Get Back in the Game this Spring with Sports Safety Tips

From  (American Academy of Orthopaedic Surgeons)

Green fields and warmer temperatures herald a new spring sports season. But after months of limited or indoor activity, how do you return to the game you love without aches and pains?

Baseball, softball, golf and lacrosse are popular spring sports. And while outdoor exercise is advantageous, these activities do cause many injuries each year, especially among child and adolescent athletes. According to the U.S. Consumer Product Safety Commission in 2016:
·         There were more than 380,800 baseball-related injuries;
·         Approximately 303,000 softball-related injuries;
·         Nearly 114,200 golf-related injuries; and,
·         More than 49,000 Lacrosse injuries.

Baseball, softball, golf and lacrosse require repetitive motions of the arms, legs, ankles, wrists and elbows, without an ongoing, balanced fitness regimen, or a slow, steady return to a favorite sport, spring athletes may be placing themselves at greater risk for sprains, tears and overuse injuries.


The most common baseball injuries include mild soft tissue injuries, such as muscle pulls (strains), ligament injuries (sprains), cuts, and contusions (bruises). Although baseball is a non-contact sport, most serious injuries are due to contact — either with a ball, bat, or another player. The repetitive nature of the sport can also cause overuse injuries to the shoulder and elbow.

  • Physical exam. A pre-season physical exam is important for both younger and older players. The goal is to prevent injuries and illnesses by identifying any potential medical problems. These may include asthma, allergies, heart, or orthopaedic conditions.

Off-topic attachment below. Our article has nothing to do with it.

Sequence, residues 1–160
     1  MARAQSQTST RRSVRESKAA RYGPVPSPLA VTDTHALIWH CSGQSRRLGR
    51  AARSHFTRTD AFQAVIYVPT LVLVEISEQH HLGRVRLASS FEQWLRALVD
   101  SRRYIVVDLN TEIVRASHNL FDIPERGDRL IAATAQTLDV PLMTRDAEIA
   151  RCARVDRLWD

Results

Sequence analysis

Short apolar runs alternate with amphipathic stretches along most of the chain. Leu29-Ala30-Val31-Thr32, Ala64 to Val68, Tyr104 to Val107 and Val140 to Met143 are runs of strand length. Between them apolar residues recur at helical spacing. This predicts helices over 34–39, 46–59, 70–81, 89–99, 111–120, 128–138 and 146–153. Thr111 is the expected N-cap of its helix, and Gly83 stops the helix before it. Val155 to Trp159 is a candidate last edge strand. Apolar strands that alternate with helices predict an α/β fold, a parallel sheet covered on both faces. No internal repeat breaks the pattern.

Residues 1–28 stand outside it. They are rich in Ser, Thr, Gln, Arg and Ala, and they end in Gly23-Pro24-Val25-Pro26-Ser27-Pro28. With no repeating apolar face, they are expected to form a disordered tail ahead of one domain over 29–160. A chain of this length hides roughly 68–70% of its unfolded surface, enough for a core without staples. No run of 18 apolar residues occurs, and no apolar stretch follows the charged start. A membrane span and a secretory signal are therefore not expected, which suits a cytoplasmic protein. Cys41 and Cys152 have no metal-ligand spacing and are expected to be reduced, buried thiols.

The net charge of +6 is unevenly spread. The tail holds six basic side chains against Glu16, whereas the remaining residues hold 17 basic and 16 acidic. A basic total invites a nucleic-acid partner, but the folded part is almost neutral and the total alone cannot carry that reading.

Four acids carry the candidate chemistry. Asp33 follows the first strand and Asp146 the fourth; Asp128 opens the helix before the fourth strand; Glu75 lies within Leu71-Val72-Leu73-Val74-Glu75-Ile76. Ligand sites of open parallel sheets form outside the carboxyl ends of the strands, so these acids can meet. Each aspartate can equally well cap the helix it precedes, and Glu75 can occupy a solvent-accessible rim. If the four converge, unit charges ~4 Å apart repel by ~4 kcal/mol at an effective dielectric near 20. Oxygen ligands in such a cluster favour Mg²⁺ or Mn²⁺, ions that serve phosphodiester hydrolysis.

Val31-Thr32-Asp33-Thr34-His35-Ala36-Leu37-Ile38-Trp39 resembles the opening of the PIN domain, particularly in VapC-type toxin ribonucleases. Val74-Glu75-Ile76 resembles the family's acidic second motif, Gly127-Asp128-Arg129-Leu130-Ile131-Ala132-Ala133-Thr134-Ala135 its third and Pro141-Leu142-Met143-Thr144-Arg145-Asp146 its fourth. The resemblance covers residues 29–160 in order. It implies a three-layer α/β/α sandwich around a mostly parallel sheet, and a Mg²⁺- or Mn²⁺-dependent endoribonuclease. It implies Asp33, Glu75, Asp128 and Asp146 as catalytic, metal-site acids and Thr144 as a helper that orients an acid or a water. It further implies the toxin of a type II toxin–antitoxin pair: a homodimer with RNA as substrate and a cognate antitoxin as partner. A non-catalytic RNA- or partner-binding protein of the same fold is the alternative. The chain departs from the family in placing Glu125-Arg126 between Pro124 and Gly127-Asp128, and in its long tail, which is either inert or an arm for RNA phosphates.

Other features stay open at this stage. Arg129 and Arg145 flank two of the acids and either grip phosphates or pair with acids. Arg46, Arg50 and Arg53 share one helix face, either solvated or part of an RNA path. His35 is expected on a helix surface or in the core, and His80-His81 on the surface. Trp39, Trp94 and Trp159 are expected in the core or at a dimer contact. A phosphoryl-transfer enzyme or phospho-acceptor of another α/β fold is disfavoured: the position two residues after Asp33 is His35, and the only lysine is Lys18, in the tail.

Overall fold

• Warm up and stretch. Always take time to warm up and stretch.
    Warm up with some easy calisthenics, such as jumping jacks. Continue with walking or light running, such as running the bases. Gentle stretching, in particular your back, hamstrings, and shoulders, can be helpful. Your team coach or athletic trainer may provide a stretching program.

Most golf injuries are due to overuse from repeating the same swinging motion. Leading the list of injuries is golfer’s elbow, technically known as medial epicondylitis. Golfer’s elbow is an inflammation of the tendons that attach your forearm muscles to the inside of the bone at your elbow.One of the best ways to avoid elbow problems is to strengthen your forearm muscles and slow your golf swing so that there will be less shock in the arm when the ball is hit.The following simple exercises can help build up your forearm muscles and help you avoid golfer’s elbow. For best results, do these exercises during the off-season as well.

  • Squeeze a tennis ball. Squeezing an old tennis ball for 5 minutes at a time is a simple, effective exercise that will strengthen your forearm muscles.
  • Wrist curls. Use a lightweight dumbbell. Lower the weight to the end of your fingers, and then curl the weight back into your palm. Follow this by curling up your wrist to lift the weight an inch or two higher. Perform 10 repetitions with one arm, and then repeat with the other arm.
  • Reverse wrist curls. Use a lightweight dumbbell. Place your hands in front of you, palm side down. Using your wrist, lift the weight up and down. Hold the arm that you are exercising above your elbow with your other hand in order to limit the motion to your forearm. Perform 10 repetitions with one arm, and then repeat with the other arm.

Low back pain is another common complaint among golfers. It is often caused by a poor swing. The rotational stresses of the golf swing can place considerable pressure on the spine and muscles. Also, poor flexibility and muscle strength can cause minor strains in the back that can easily become severe injuries. Here are some simple exercises to help strengthen lower back muscles and prevent injuries.

  • Rowing. Firmly tie the ends of rubber tubing. Place it around an object that is shoulder height (like a door hinge). Standing with your arms straight out in front of you, grasp the tubing and slowly pull it toward your chest. Release slowly. Perform three sets of 10 repetitions, at least three times a week.
  • Pull downs. With the rubber tubing still around the door hinge, kneel and hold the tubing over your head. Pull down slowly toward your chest, bending your elbows as you lower your arms. Raise the tubing slowly over your head. Perform three sets of 10 repetitions, at least three times a week.
  • Yoga and Pilates. These exercise programs focus on trunk and abdomen strength, as well as flexibility.